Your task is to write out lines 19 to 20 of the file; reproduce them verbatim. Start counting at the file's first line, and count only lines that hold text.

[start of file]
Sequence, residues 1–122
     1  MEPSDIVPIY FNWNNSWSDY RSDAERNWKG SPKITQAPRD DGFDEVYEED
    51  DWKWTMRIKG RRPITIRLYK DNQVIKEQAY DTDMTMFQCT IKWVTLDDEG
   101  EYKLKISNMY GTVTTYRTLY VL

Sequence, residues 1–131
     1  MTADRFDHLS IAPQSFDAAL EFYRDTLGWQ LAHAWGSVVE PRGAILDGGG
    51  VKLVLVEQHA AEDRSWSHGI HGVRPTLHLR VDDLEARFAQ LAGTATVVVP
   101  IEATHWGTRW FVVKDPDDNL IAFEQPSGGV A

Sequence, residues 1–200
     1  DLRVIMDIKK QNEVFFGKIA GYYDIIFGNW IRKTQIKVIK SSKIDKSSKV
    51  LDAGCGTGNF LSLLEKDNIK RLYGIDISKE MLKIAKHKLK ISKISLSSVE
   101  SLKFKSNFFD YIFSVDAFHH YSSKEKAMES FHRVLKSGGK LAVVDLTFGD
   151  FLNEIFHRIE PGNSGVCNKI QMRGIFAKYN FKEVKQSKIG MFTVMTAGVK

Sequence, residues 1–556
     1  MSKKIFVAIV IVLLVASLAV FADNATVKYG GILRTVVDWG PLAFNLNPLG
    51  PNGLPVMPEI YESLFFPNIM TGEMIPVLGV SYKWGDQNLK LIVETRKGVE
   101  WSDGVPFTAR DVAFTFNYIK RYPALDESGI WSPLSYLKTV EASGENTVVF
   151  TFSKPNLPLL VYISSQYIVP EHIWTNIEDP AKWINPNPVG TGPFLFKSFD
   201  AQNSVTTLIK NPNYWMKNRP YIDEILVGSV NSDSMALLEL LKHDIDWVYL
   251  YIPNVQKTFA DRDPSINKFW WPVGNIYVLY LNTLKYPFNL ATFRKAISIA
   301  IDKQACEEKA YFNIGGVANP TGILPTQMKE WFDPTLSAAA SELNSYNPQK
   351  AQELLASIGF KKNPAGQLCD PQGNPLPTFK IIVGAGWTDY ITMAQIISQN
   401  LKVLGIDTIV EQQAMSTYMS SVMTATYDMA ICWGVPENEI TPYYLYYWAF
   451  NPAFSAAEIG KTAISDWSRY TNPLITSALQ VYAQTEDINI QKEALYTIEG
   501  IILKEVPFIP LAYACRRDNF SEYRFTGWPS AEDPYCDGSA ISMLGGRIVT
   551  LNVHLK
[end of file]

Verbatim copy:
   201  AQNSVTTLIK NPNYWMKNRP YIDEILVGSV NSDSMALLEL LKHDIDWVYL
   251  YIPNVQKTFA DRDPSINKFW WPVGNIYVLY LNTLKYPFNL ATFRKAISIA